Impact of LiTOP1B mutant variants in L. infantum TPT drug resistance

Because top1B is an essential gene in Leishmania, our preferred method for studying the role of TOP1B mutations was episomal transfection of WT and mutated forms of the gene in the WT background (Fig. 3). To this end, the WT copy as well as the three mutated forms of top1B were recovered by PCR, confirmed by Sanger sequencing, and episomally overexpressed in the WT background. Markedly, while episomal overexpression of gene LinJ.34.3220 (WT or mutated) increases the potential amount of TOP1B large subunit available, the amount of functional TOP1B heterodimer in the cell remains stable (independent of the overexpression), as it is limited by the basal amount of TOP1B small subunit. An increase in the total amount of functional WT TOP1B heterodimer in the presence of TPT would lead to an increase in the sensitivity to TPT. Overexpression of the leishmanial top1BWT allele did not confer TPT sensitivity in the WT cell line when compared with the mock control, confirming that the amount of TOP1B heterodimer remains stable. On the other hand, if the SNPs found in the mutated variants of the TOPIB large subunit play a role in TPT resistance and are able to bind to the small subunit (competing with the WT form), these would lead to a reduced sensitivity towards TPT. As depicted in Fig. 3, overexpression of all three mutated variants of the top1B gene resulted in a significant decrease in TPT sensitivity in the WT background: top1BF187Y (2.62-fold; P < 0.0001), top1BG191A (1.96-fold; P = 0.0006), and top1BW232R (2.28-fold; P = 0.0001).

Fig. 3
figure3

Impact of overexpression of the leishmanial top1BWT gene, as well as three mutated versions, on the TPT sensitivity profile of L. infantum. EC50 values were calculated from concentration–response curves performed in triplicate after nonlinear fitting. Data are the mean ± SEM of three biological replicates. Differences were statistically evaluated by unpaired two-tailed t-test (***P ≤ 0.001, ****P ≤ 0.0001)

Structural effect of the SNPs and impact on TPT sensitivity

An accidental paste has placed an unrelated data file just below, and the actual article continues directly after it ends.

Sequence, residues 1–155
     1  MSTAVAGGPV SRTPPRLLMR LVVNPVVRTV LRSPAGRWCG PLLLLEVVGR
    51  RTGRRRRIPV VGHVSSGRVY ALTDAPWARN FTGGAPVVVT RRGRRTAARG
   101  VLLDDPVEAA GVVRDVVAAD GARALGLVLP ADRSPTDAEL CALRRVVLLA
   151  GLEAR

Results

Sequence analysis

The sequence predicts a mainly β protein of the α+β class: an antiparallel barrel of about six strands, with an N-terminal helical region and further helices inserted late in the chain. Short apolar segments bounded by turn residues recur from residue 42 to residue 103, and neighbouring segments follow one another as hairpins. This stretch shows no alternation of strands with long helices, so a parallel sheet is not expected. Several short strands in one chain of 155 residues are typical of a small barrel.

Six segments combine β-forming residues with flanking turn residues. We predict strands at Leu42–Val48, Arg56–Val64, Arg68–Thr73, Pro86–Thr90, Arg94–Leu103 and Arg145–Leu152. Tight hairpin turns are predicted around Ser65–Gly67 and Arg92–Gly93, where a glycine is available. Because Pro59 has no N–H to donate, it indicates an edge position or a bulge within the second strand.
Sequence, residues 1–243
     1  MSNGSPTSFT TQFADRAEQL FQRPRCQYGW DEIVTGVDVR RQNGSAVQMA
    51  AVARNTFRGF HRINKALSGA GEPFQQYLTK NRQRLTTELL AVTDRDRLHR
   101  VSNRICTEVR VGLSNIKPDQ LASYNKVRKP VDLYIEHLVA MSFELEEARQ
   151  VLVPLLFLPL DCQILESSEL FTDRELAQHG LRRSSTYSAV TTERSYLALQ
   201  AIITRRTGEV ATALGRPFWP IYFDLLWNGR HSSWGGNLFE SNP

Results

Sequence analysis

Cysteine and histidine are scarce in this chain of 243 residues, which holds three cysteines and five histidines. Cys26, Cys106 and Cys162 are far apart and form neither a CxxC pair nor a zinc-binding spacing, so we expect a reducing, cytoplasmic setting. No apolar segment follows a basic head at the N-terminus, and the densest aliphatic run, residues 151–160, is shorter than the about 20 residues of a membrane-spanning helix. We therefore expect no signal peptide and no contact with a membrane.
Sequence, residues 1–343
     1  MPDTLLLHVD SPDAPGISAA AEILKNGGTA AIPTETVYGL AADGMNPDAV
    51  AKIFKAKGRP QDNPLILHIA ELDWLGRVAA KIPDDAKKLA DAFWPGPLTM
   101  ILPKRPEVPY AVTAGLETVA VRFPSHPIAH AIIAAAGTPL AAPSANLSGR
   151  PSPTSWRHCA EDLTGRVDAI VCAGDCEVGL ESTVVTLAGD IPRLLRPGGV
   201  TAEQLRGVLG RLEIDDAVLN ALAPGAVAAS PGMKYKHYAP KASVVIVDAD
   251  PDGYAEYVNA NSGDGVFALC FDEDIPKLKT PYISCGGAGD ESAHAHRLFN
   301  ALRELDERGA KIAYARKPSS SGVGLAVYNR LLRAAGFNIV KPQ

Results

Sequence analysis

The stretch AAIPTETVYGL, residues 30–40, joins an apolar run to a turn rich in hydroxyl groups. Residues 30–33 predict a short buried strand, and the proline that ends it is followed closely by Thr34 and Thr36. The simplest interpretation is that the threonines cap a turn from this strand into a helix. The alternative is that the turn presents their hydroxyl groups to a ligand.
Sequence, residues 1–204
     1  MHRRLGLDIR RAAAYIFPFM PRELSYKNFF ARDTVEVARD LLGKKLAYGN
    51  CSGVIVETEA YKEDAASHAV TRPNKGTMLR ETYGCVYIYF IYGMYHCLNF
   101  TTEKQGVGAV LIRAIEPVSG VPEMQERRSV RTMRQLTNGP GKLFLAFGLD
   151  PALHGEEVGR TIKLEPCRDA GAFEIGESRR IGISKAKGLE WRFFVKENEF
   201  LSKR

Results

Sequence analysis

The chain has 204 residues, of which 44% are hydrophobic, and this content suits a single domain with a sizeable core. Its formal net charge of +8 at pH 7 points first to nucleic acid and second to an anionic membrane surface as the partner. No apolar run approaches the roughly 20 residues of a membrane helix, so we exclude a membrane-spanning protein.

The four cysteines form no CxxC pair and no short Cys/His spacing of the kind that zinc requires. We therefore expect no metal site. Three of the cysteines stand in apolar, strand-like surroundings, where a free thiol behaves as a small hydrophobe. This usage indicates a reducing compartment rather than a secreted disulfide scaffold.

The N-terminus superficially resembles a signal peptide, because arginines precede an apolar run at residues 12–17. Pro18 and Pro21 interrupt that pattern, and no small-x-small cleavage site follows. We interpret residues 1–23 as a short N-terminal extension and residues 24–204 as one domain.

The mechanism of inhibition exerted by TPT against TOP1B is strictly dependent on the enzyme catalytic cycle. Once the DNA cleavage has occurred, TPT is able to intercalate the DNA bases and stabilize the protein–DNA covalent complex, thus blocking the cycle and stalling the enzyme. If one of the catalytic steps is compromised, this can affect TPT sensitivity.

In order to evaluate the impact of the point mutations on the structure of the protein and its interaction with the DNA substrate for a correct progression of the catalytic cycle, we performed molecular dynamics (MD) simulations of the WT and mutant enzymes (F187Y, W232R, and G191A). In particular, we carried out MD simulations both of the WT and mutant non-covalent and covalent TOP1B–DNA complexes (for a total of eight systems), allowing detection of the mutations’ effect in any step of the two phases of the catalytic cycle, i.e. cleavage and religation. This gives important insight into the mechanism(s) underlying resistance due to the fact that these mutations are located in close proximity to the catalytic pentad and to the TPT binding site (Fig. 4).

Fig. 4
figure4

Structural alignment between LiTop1B (PDB 2b9s) and hTop1B crystallized in covalent complex with DNA and in the presence of the inhibitor topotecan (PDB 1k4t). The large and small subunits from the dimeric structure of LiTOP1B are shown in green and orange, respectively, while hTop1B is reported in light blue, and topotecan is shown in yellow. The insert panel shows topotecan together with the structural alignment of residues forming the binding pocket (hR364, hD533, and hN722) and the residues of LiTOP1B that, if mutated, lead to drug resistance (LiF187, LiG191, and LiW242)

In both groups of simulations (covalent and non-covalent complexes), the mutation of each residue has an effect on the arrangement of the catalytic pentad (R314, K352, R410, and H453 of the large subunit and Y222 of the small subunit) (Figs. 5, 6) and on the interaction of these residues with the surrounding amino acids and the DNA substrate (Tables 2, 3). This likely alters the cleavage/religation equilibrium, which is at the basis of an altered drug sensitivity. Of note, the profile of interaction at the cleavage site (−1/+1 bases) of the protein–DNA in the non-covalent complex is hardly affected in all mutants, making us hypothesize that due to the improper arrangement of the catalytic pentad, the reaction rate is affected. Similarly, the catalytic pentad arrangement is impacted, in particular at the level of residue K352, which is crucial for the religation reaction to proceed and for the stabilization of TPT in the DNA binding pocket.